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Saturday, 23 February 2013

Theatre - To Kill A Mockingbird - Royal Exchange Theatre

Star rating - 9/10

I always get slightly nervous when a much loved book or play is revived. It can either result in the murder of a classic, or in a fabulous reimagining. And I am very happy to report that in To Kill a Mockingbird, the Royal Exchange has a wonderful production on its hands. Director Max Webster manages to create the same sweltering Southern tension that so thrilled here last year in Orpheus Descending.
And whilst there is no star turn this time to rival the stupendous Imogen Stubbs, the play does not need one, as the whole cast sparkles - without exception.

Harper Lee's 1960 novel is well known, and indeed a set text for many students and school pupils still.  And the brilliant 1962 film adaptation starring Gregory Peck is hard to dispel from the memory. Peck played Atticus Finch, the morally upstanding and highly principled lawyer who shocks his 1930's Alabama community by defending a black man who is accused of raping a white woman.  And at first I thought that Nigel Cooke might be undercooking the role slightly. But as his fabulous understated portrait of this brave man emerges, Cooke's nuanced delivery only adds to its impact.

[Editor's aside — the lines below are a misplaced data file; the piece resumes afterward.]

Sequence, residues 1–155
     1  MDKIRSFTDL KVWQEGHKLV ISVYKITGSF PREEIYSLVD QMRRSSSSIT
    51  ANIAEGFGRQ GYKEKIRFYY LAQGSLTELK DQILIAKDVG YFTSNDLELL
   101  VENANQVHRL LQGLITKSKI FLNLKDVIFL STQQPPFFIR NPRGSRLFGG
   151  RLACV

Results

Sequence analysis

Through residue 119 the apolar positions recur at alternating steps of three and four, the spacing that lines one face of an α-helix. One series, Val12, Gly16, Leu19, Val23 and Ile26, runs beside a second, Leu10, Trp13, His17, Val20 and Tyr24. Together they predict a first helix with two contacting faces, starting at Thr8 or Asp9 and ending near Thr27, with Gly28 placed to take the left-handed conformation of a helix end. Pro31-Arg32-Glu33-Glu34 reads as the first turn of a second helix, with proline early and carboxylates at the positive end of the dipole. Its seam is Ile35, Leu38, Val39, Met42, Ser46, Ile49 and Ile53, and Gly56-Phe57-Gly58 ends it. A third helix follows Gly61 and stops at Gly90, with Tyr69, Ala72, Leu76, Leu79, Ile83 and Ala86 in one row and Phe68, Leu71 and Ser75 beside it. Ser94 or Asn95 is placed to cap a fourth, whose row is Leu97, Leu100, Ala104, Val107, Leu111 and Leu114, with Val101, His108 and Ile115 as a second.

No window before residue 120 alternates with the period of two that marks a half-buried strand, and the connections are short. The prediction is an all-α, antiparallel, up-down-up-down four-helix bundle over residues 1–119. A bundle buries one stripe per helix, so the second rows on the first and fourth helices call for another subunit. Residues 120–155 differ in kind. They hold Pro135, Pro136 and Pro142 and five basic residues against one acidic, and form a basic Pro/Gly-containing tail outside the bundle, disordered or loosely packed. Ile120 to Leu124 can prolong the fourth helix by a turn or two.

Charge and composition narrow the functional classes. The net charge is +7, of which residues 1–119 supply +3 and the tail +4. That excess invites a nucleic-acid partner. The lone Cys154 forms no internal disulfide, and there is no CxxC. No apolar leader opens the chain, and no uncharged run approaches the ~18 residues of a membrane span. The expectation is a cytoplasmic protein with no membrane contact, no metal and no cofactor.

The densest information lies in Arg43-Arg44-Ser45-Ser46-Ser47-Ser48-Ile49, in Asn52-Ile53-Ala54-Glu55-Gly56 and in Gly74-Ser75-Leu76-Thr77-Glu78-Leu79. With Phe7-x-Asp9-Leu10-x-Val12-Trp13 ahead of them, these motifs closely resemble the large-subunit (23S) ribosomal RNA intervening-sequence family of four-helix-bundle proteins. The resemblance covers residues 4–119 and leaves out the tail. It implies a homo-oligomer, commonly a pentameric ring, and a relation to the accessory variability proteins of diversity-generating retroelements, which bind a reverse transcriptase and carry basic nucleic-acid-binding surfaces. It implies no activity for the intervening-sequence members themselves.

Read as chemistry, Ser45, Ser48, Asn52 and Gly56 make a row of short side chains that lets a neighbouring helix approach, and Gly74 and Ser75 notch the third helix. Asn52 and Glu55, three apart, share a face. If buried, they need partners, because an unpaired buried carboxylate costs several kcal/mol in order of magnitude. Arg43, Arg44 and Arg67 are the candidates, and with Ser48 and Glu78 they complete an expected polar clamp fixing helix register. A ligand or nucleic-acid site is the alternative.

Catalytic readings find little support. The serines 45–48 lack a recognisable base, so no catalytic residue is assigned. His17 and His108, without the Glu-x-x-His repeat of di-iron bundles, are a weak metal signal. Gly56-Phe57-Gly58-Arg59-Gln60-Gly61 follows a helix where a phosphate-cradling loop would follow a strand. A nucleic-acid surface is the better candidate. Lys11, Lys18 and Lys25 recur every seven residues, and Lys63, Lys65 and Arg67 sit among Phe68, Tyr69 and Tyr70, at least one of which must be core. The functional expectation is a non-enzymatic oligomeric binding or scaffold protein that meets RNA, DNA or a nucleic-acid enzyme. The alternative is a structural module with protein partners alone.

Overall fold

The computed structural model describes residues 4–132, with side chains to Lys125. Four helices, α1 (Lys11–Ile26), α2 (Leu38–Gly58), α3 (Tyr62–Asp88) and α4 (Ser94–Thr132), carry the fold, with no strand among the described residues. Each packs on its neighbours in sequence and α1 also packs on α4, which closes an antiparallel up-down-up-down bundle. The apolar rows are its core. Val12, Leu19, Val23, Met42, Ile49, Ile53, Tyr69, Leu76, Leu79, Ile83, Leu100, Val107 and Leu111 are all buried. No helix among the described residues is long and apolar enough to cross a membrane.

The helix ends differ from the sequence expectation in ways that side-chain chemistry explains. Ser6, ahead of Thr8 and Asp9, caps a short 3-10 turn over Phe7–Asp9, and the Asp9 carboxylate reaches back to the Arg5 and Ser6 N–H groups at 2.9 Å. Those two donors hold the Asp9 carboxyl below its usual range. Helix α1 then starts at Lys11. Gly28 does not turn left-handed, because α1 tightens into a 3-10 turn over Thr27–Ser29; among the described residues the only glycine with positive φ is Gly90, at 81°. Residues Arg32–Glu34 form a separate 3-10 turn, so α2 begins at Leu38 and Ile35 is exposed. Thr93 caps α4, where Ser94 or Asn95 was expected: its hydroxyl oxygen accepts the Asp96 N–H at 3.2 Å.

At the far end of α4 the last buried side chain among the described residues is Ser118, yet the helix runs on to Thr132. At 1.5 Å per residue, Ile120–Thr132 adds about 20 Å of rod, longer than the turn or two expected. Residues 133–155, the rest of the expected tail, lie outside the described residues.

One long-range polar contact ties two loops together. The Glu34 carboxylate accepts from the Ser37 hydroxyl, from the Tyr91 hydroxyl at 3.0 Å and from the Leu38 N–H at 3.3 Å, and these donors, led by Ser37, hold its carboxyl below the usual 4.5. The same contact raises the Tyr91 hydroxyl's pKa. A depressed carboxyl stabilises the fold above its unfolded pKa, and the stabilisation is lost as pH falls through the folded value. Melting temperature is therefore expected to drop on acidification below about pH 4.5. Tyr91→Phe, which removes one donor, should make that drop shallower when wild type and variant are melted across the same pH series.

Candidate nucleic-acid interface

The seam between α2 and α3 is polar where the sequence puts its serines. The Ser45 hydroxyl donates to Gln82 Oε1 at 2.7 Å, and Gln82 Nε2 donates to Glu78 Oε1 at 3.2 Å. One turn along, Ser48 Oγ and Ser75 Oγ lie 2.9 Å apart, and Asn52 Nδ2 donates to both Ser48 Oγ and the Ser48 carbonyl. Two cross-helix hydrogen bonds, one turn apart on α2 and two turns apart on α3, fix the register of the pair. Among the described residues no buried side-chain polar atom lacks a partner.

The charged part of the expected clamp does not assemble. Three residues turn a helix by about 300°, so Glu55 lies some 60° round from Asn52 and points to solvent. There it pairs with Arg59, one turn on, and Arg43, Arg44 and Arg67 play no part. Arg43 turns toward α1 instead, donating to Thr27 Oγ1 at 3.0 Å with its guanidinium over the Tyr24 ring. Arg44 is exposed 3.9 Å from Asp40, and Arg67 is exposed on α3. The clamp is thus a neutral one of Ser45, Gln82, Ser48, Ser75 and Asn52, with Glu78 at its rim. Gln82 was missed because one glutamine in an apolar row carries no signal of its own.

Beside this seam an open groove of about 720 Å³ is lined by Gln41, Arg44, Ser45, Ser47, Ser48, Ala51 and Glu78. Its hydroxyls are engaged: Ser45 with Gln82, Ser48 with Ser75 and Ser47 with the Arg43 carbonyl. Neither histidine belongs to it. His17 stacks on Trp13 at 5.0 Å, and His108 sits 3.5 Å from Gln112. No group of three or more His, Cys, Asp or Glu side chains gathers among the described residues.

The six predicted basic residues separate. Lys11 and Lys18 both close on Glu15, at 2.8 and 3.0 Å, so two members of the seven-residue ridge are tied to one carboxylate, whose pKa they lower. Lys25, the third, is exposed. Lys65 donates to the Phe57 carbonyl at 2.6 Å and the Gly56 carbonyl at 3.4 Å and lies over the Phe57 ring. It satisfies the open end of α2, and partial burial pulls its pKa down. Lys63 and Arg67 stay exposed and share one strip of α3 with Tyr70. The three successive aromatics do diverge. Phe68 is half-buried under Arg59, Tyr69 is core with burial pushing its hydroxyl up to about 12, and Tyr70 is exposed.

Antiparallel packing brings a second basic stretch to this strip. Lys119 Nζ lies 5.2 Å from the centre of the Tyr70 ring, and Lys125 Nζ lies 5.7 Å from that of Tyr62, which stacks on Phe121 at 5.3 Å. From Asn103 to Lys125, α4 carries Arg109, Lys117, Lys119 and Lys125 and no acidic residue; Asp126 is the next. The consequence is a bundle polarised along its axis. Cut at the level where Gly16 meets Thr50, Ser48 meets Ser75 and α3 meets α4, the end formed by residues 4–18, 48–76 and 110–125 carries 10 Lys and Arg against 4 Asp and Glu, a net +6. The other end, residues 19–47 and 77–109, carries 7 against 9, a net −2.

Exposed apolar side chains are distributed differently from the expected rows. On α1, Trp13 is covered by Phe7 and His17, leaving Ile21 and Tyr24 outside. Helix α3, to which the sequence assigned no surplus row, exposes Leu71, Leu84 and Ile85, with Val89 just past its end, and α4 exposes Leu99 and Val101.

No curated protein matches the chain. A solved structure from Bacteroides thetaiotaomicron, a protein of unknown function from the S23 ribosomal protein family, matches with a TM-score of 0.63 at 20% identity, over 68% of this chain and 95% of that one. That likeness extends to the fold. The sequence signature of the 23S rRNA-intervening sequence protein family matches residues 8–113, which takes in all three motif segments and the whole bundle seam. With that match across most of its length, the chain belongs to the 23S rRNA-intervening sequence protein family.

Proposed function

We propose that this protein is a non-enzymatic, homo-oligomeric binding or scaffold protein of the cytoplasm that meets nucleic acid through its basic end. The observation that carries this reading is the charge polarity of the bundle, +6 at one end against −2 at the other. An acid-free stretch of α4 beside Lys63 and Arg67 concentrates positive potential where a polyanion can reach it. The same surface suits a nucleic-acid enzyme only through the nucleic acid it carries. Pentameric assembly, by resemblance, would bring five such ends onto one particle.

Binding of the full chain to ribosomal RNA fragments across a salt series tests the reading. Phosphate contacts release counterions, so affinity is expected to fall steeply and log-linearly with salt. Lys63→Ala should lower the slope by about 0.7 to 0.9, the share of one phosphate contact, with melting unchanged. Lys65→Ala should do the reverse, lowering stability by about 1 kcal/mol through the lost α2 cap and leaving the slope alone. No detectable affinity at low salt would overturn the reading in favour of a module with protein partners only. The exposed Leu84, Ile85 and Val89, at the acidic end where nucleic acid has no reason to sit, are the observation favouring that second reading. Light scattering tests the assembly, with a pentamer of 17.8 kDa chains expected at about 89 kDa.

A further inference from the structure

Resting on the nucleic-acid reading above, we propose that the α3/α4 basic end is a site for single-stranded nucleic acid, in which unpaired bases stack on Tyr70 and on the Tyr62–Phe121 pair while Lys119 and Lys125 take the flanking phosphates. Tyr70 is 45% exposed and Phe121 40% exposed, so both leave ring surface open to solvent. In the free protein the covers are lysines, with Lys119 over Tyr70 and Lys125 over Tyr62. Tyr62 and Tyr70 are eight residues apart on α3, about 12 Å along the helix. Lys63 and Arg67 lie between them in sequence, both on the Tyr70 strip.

Atticus knows no other way but to stand up for what he believes to be right - no matter what the consequences, and he strives to instil these values into his two children Jem and Scout. Jem is actually the narrator of the novel, and her narration is very cleverly used here via the voices of other actors through the piece. Shannon Tarbet is an accomplished young actor, and gives a spellbinding performance as the feisty young girl. 

The courtroom scene is breathtakingly dramatic, with Okeize Morro and Scarlett Brookes totally convincing as the wrongly accused and false accuser, both of whose pain is palpable. The sparse dirt set is ingeniously transformed by the cast using palettes during the action.  And these is a wonderful bluegrass band setting just the right tone as a rich musical backdrop to the action. 

It is sad that the themes of racism and prejudice are still as relevant today as when Lee's masterpiece was penned.  And the sometimes misplaced faith in a jury to come to the right conclusion is oddly poignant when the Vicky Pryce speeding points legal debacle is still ongoing. So this play is another triumph for my favourite theatre in the whole wide world - and it makes me very happy when I am able to say that. 

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